Manuals and instructions for everything

why do we need energy efficient housing

It may seem like a strange question, why build an energy efficient home, but nevertheless, there are some people out there who are asking it. The case for energy efficient homes is pretty straightforward. They provide their owners with:
In addition to the reasons listed above, an is also better for the environment; for example, 16% of all greenhouse gases produced in the United States come from residential dwellings. As the economy continues to struggle, many homeowners в and homebuyers в in their search to reduce costs, are becoming more aware of the benefits of energy efficient homes, which is why the demand for them has increased significantly. As a result, homeowners are getting their houses rated for energy efficiency in order to understand where they rank and what they need to do to improve. The вs (RESNET) (HERS) is the nationally recognized system for inspecting and calculating a home s energy performance. When a conducts an energy rating, it results in a for that home, based on its energy performance. The HERS Index is the industry standard by which a homeвs energy efficiency is measured. The way it works is: A certified RESNET HERS Rater assesses the energy efficiency of a home, assigning it a relative performance score. The lower the number, the more energy efficient the home. The U. S. Department of Energy has determined that a typical resale home scores 130 on the HERS Index while a standard new home is awarded a rating of 100. And the HERS Index Score is like a MPG (miles-per-gallon) sticker for houses.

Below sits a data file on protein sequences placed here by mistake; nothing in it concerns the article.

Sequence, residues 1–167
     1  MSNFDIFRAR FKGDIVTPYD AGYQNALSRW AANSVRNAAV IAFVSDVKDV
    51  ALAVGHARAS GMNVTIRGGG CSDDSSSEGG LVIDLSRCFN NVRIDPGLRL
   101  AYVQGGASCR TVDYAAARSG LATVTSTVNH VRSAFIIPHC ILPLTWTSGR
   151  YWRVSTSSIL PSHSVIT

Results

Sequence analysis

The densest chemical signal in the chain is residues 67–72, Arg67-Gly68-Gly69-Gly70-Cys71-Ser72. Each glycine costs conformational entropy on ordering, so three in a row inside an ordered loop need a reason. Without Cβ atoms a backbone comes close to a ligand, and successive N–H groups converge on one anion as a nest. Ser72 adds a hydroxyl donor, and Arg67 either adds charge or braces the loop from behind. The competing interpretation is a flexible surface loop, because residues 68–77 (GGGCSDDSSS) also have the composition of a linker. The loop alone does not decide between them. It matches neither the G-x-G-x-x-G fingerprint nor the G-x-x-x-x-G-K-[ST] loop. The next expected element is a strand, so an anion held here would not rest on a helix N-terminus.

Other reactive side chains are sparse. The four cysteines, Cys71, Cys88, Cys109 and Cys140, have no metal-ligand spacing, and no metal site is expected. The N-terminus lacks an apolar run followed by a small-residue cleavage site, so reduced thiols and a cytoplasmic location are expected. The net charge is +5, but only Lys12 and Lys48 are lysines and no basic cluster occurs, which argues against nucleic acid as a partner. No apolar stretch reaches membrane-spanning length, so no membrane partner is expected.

It lets a in comparison to other similar homes. The next question is once youвve decided to build an energy efficient home, how would you do it? As it happens, builders are doing just that в building energy efficient homes. Because demand is rising, increasing numbers of builders are entering into Memorandums of Understanding (MoUs) with RESNET to have their. Buyers can then compare houses based on HERS Index scores, allowing them to make informed decisions about homes they want to purchase. When you look at all the facts, the answer to the question of why build an energy efficient home is simple really: because itвs the smart thing to do. An energy efficiency building effectively controls the flow of air, heat and moisture through the building. People spend 80 - 90% of their time indoors - at work, school and home. An efficient building maintains moderate temperatures, low humidity and increased air quality. Plus energy efficient buildings use less energy and cost less to operate and produce fewer greenhouse gasses, which is good for you and the environment. Improve indoor comfort and keep those toes warm! A model energy efficiency building controls the flow of air, heat and moisture. Insulation, ENERGY STAR certified windows, and air sealing work to keep the air inside the building warm and dry. Mechanical ventilation systems (fans, heat recovery ventilators and air exchangers on heating systems) circulate the internal air as well as expel unwanted moisture and other pollutants.